How to Overcome Being Nervous on Video


By Pam Terry

Whenever I give a workshop on public speaking, I always enjoy asking, “How many people here like to see themselves on video?” Nearly 100 percent of the time, absolutely no one raises their hand! In spite of not enjoying watching yourself on video, one of the best ways to practice a presentation is to watch a video of you doing one. Even if it is for only a couple of minutes, you need to watch what you’re doing and hear what you sound like. Why? So that you can decide what you want to keep doing and what you want to stop doing. It’s a great way to really “see” what to improve. Plus, you may find that you actually like what you see. The curious thing is that the more you see yourself on video, the more you’re likely to think, “Hey, I’m not so bad after all. In fact, I’m pretty good!”

Alas, we get nervous presenting in public and on video it’s even worse! Why are you even more nervous when being videotaped? Because the presentation is never over; it can be replayed again and again and again. But, ask yourself, “Who are you comparing yourself to?” It’s a total waste of time to compare yourself to anyone else because it can cause lots of unhappiness. Only compare yourself to yourself. The key to overcoming nervousness on video is to build your confidence because fear/anxiety/nervousness cannot exist when you are truly confident.
Here’s how:


75% of anxiety/nervousness can be eliminated by just preparing. Make a list or outline of the 3, 5, or 7 things that you are going to share that include your introduction and close.


You are the expert. The more you share your knowledge, the more confident you become. In other words, become extremely familiar with your content so that you can confidently share it. You can have an outline to keep you focused but you want to spend your time either looking at the camera or looking straight ahead as if you were speaking to an audience. If you do have an outline, have it up next to the camera so that you can keep your head up or use a teleprompter. (There are free teleprompters online.)


Presenting is not about the presenter. It’s about the audience. Thoughts about not being good enough (whatever your version is) cause anxiety and nervousness; the reasons don’t matter because it could be any reason. It’s what you’re thinking that matters. Change your thoughts because whatever you focus on becomes your life. If you focus on how bad you are, that’s what you will get to feel like. Instead, remember N­C­F: Notice your anxiety or nervousness. Consciously shift your thoughts/focus off of you. Focus on the valuable content that you are going to provide and get busy preparing and practicing. Every time you feel nervous, remember to repeat the steps of N­C­F. You are developing a new way of being and it can take some practice. By repeating N­C­F whenever you are nervous, you will develop a new habit and over time, the ability to shift your focus off of you will become automatic. Try it!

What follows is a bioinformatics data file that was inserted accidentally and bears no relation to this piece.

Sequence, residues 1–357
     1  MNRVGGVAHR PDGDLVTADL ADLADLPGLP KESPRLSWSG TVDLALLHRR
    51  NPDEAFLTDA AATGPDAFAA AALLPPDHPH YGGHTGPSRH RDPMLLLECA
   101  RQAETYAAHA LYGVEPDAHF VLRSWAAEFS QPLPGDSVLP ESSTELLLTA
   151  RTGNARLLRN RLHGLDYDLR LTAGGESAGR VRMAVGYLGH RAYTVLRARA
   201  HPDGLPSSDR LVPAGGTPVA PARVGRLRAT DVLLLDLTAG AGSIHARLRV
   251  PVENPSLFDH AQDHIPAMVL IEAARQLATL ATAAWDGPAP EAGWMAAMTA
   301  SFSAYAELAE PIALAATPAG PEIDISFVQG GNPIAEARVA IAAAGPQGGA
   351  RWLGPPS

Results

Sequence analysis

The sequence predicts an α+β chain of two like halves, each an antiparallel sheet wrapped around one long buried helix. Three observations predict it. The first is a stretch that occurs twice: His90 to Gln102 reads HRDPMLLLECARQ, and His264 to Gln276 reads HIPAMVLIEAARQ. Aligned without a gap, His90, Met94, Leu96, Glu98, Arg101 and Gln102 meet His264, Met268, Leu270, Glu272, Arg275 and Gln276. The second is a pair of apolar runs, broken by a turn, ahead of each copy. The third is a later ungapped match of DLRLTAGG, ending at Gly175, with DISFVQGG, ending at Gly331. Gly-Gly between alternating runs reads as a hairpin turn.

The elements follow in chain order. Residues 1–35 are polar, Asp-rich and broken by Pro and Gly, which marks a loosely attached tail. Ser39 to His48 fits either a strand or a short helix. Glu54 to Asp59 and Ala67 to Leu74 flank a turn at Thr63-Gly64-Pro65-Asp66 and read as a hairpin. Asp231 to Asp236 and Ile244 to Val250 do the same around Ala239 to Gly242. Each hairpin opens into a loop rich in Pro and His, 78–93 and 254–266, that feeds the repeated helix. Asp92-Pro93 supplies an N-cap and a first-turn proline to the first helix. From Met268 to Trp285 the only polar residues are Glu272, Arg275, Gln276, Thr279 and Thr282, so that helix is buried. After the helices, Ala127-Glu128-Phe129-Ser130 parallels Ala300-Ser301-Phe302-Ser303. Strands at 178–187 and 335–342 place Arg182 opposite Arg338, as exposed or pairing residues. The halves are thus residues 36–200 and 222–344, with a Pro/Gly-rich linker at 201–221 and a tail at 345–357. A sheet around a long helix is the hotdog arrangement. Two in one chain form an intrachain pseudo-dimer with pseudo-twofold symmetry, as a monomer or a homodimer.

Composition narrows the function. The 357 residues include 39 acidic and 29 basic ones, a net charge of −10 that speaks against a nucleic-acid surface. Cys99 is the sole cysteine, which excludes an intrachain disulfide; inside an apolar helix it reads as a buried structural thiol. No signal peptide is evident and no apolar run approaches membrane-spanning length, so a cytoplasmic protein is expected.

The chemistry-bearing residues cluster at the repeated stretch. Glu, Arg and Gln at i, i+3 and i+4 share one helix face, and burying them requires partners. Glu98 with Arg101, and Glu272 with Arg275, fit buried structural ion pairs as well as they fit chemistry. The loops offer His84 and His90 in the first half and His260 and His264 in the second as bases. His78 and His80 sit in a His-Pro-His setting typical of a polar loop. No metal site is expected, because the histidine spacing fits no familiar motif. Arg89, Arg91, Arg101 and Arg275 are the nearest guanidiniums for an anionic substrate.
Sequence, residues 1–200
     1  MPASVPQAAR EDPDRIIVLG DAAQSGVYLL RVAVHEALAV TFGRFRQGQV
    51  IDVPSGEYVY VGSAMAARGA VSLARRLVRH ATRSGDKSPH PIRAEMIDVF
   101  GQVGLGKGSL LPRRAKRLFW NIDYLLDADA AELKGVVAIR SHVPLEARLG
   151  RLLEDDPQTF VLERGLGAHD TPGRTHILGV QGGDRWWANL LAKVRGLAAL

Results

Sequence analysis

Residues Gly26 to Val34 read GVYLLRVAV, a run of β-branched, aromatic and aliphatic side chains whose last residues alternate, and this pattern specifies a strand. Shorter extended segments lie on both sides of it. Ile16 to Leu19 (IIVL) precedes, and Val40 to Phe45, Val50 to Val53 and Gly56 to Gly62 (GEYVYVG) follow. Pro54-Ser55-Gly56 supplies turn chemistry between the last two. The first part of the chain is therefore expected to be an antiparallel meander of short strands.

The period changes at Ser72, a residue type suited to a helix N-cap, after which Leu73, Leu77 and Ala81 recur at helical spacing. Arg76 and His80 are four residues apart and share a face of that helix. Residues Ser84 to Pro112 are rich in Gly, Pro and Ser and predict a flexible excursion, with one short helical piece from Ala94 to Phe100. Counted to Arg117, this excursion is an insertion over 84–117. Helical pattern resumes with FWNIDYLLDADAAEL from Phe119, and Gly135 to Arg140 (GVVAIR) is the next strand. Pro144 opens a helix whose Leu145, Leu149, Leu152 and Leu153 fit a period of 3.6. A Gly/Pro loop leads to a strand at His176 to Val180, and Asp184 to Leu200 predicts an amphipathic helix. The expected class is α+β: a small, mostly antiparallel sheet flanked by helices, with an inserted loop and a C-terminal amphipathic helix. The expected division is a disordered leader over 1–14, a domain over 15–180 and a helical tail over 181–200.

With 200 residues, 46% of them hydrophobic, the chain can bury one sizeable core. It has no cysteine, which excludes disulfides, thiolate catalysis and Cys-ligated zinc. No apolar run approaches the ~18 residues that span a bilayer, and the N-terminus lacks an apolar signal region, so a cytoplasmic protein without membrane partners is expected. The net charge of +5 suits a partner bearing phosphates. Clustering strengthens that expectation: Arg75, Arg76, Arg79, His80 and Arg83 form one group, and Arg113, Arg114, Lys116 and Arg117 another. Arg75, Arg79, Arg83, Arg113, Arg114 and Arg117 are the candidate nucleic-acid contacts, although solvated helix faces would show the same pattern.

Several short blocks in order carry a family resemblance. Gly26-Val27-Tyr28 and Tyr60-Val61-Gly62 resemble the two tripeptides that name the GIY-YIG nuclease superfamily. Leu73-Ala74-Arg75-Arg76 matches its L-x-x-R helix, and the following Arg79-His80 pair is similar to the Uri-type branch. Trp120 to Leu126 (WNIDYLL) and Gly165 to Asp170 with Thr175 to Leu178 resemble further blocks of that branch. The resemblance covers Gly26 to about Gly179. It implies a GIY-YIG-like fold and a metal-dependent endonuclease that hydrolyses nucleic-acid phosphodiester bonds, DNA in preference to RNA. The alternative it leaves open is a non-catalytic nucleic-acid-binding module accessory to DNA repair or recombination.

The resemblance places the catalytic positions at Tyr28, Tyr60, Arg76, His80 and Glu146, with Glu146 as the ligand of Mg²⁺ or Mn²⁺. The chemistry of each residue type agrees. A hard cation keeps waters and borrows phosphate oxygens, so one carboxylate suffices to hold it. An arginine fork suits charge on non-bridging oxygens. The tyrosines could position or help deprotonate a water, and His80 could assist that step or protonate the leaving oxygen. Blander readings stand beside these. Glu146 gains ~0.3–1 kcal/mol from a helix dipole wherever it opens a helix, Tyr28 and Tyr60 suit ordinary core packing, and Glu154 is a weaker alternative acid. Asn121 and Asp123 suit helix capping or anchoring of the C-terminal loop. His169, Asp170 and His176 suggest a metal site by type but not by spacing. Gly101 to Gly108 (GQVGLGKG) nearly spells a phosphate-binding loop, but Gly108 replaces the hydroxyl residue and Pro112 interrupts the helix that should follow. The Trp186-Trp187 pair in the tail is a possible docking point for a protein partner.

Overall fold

What do you do if you freeze up during your presentation? Do you start having those anxiety thoughts again? Pause and take a breath to give yourself a chance to regain your composure and pull your thoughts back together. The power of the pause is very effective. Your audience doesn’t know what’s really going on. Pausing is a good attention getter. It actually is a tool for engaging your audience and can be used for emphasis.


Looking and feeling your best means just that. It doesn’t mean that you should compare yourself to anyone else except you. Wear a color that pops on camera or at least looks good on you. Do all that you can do to look good and feel good and then let loose. Don’t waste your time trying to be perfect. No one is perfect and anyone who appears perfect is difficult to relate to. So be comforted knowing that no one can be you better than you.


Join a video challenge or start one with your own community. By doing video on a regular basis, you will gain experience, knowledge, and confidence. You’ll learn things that work and don’t work. Experience can be a great confidence builder. Take any opportunity you can to be on video by participating in Google Hangouts, video conferencing, posting videos on your blog, and videotaping every speaking engagement you do. Invest in a good web camera or standalone video camera and tripod.

In addition to public speaking, Pam Terry is a coach, trainer, and marketing strategist. You can reach Pam by phone at 832­276­4153 or by email at For more information, please visit her website at


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